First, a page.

# Can we derive Biot Savart law from Coulomb's law?

Can we derive Biot Savart law from Coulomb's law by setting a current source at an instant in place of one of the charges? Let's say $dl$ is the length of the conductor having $dQ$ charge which applies some force at the other charge at some instant of time. Taking derivates on both sides we get some current term. But how to prove it?

By Coulomb's law

$dE = k \frac{dq}{r^2}$

$\dfrac{dE}{dt} = k\dfrac{I}{r^2}$

$d\vec{l}\times \dfrac{d\vec{E}}{dt} = k I d\vec{l} \times \dfrac{ \vec{r}}{r^3}$

Is it correct? If yes, how should I proceed ahead?

• No, you can't. At this stage of Electromagnetism the electric and magnetic fields are still disjoint entities. Coulomb and Biot-Savart's laws are both experimentally obtained. Jun 26 '16 at 14:59
• But moving one of the charges like I did above by placing a current source, a similar expression is obtained only the constant is a problem. Jun 26 '16 at 15:05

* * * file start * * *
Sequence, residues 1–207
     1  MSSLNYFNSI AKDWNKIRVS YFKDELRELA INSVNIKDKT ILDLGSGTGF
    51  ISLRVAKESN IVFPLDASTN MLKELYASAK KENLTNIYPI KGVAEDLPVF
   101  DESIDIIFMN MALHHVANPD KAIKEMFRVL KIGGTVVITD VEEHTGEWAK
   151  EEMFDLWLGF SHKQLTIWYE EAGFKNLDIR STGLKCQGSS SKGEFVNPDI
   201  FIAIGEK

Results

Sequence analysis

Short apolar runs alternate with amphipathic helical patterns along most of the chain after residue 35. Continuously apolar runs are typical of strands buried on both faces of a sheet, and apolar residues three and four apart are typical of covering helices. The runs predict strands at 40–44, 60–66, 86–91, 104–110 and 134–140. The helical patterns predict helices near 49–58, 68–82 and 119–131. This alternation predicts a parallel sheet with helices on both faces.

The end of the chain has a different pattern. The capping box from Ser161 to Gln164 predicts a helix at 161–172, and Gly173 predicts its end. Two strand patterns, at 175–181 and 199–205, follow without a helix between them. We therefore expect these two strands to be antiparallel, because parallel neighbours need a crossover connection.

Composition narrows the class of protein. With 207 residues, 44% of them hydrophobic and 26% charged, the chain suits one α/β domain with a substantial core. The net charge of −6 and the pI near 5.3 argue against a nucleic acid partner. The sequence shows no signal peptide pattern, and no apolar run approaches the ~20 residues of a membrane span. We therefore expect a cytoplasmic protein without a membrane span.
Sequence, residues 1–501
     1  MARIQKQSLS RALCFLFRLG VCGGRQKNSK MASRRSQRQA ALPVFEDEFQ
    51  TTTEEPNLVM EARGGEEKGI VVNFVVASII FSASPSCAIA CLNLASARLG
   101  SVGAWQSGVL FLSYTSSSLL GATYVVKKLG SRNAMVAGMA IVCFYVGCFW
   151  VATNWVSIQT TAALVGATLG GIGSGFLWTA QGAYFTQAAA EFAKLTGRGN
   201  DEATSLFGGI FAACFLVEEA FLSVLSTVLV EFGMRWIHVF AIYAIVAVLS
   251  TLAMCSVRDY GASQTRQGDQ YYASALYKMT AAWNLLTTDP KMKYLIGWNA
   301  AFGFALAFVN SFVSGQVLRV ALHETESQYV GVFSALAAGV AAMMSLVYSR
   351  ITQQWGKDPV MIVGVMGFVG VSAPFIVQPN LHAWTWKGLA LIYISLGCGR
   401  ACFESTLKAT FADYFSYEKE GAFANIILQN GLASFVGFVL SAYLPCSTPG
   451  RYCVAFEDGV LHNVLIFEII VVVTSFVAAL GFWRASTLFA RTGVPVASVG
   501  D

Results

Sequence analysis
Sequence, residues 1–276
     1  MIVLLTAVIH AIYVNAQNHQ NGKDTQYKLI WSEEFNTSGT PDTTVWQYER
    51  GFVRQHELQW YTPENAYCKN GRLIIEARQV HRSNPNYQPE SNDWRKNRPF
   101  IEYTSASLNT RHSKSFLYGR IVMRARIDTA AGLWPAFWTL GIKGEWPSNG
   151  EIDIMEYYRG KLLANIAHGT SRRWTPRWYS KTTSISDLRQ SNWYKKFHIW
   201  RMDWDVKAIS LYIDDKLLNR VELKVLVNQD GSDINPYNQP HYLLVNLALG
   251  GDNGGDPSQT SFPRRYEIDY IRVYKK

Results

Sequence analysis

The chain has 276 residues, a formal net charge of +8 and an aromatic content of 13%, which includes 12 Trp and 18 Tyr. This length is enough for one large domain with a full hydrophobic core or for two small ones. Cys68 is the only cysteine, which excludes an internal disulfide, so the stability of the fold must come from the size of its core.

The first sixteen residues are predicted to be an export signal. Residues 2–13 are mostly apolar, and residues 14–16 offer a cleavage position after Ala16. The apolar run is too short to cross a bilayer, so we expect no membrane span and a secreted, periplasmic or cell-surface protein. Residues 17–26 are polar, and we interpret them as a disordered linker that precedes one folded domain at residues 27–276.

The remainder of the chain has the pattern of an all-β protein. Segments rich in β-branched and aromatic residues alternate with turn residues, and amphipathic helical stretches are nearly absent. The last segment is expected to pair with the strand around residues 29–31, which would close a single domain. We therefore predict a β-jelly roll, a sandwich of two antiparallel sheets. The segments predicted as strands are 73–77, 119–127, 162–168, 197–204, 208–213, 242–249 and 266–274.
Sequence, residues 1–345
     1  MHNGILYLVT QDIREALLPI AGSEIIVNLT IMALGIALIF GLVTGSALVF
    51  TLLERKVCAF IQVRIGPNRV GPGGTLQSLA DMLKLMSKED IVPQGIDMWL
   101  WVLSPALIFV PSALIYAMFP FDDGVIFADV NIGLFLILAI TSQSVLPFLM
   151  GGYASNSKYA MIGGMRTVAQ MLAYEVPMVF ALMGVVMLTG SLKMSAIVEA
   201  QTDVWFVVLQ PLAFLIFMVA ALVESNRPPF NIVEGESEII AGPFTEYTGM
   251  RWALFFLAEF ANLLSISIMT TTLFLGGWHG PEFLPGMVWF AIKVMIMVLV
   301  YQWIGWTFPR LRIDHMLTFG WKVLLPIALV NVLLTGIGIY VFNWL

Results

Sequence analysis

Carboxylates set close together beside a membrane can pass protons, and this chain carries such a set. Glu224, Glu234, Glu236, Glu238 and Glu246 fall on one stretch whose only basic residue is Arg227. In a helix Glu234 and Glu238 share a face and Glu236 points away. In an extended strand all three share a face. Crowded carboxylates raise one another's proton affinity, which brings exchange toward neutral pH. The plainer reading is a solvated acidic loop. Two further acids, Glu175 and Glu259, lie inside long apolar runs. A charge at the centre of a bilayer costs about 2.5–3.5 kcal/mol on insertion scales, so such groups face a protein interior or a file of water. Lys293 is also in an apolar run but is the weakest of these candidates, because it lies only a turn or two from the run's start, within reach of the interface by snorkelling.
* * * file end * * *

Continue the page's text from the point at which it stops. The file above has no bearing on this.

• But you just have an electric field in your expression, no magnetic field. Jun 26 '16 at 15:09
• But since there's something visible in that equation so isn't there any way to do it even if we take electromagnetic waves and speed of light relation with permeability into consideration . Jun 26 '16 at 15:26
• Use $dE/dt=\nabla \times B$ and see? But caution that you would not be "deriving BS law from Coulomb". You would be deriving BS law from Coulomb+Faraday, which is essentially to prove that Maxwell Eqns. are self-consistent. Jun 26 '16 at 16:02